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July 10, 2014 | More than 1,000 forecasters, researchers, and other professionals from around the globe will convene in Montréal on August 16–21 for a first-of-a-kind meeting aimed at pooling international thought on where weather prediction is headed. NCAR and UCAR participants are on tap to cover a wide range of promising developments.
The World Weather Open Science Conference (WWOSC) will examine the latest scientific advances and discuss how the benefits of this knowledge can best be used for the good of society. The meeting’s co-organizers are the World Meteorological Organization, the International Council for Science, Environment Canada, and Canada’s National Research Council. NCAR and UCAR are among the meeting’s official sponsors.
While a number of regular conferences explore meteorological progress, this one is the first to bring together participants from around the world across the spectrum of weather-related specialties, including research, technology, forecasting, and stakeholders sensitive to weather impacts.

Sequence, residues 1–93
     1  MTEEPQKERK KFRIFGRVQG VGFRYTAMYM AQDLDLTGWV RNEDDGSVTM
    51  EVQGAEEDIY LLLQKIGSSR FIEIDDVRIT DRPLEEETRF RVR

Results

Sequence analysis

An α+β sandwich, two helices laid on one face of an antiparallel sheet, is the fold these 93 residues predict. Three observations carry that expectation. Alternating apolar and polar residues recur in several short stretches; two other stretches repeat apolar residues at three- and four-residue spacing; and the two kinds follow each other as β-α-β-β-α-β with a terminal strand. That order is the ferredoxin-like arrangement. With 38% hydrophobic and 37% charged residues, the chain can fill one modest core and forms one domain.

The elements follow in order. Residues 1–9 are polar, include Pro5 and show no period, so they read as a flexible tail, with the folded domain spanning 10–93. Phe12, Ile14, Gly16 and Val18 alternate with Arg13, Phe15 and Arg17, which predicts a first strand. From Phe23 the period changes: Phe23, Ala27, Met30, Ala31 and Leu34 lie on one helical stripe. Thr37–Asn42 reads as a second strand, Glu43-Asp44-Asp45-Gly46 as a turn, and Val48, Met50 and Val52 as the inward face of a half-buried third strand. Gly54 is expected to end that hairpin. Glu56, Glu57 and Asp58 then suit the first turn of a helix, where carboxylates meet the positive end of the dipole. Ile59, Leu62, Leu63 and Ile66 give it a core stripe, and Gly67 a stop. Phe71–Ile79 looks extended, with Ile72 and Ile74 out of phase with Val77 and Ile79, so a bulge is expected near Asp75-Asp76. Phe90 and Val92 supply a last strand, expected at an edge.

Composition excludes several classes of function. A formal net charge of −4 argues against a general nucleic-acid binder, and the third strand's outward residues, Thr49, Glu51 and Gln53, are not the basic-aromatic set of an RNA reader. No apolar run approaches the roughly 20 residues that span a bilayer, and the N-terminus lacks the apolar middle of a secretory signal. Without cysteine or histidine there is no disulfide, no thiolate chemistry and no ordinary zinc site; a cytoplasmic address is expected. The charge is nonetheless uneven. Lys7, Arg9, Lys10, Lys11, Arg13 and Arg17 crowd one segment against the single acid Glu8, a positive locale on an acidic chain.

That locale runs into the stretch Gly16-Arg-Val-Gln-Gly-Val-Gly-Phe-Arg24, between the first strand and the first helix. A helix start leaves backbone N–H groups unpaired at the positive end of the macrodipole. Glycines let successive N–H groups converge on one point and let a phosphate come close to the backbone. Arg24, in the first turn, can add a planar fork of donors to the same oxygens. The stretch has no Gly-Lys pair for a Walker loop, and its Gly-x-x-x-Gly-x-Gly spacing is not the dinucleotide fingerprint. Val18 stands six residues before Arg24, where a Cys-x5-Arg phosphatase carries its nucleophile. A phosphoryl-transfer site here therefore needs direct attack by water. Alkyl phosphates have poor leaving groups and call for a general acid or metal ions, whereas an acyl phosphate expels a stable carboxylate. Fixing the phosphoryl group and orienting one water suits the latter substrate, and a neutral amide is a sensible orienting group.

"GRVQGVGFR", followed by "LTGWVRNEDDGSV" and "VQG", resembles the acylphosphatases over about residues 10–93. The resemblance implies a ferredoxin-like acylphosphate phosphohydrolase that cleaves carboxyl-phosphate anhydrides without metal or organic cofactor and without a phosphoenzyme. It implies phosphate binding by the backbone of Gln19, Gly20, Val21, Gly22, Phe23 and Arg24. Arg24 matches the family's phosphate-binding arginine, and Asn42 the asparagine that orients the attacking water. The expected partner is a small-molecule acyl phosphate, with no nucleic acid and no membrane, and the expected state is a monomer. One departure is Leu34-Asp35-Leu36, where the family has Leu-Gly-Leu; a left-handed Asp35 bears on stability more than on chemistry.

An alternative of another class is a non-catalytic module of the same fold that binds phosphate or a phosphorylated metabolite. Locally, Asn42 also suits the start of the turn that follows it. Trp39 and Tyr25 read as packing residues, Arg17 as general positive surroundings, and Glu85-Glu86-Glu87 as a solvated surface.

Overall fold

“What makes this conference different is that it brings together diverse research communities that usually meet separately. This will allow us to address all aspects of understanding, predicting, and responding to weather,” said NCAR director James Hurrell, who is part of the 15-member scientific organizing committee for the WWOSC. “Having this broad a spectrum of people together at one event will help us identify the biggest challenges and the most critical needs in weather prediction.”
UCAR president Thomas Bogdan will take part in a panel discussion on the future of the weather enterprise, a term that includes the academic, government, and industry elements. “If we are serious about saving lives and livelihoods,” said Bogdan, “we must invest our shared resources and expertise so that decision makers are better equipped to make the right decisions at the right times.”
The University Corporation for Atmospheric Research manages the National Center for Atmospheric Research under sponsorship by the National Science Foundation. Any opinions, findings and conclusions, or recommendations expressed in this publication are those of the author(s) and do not necessarily reflect the views of the National Science Foundation.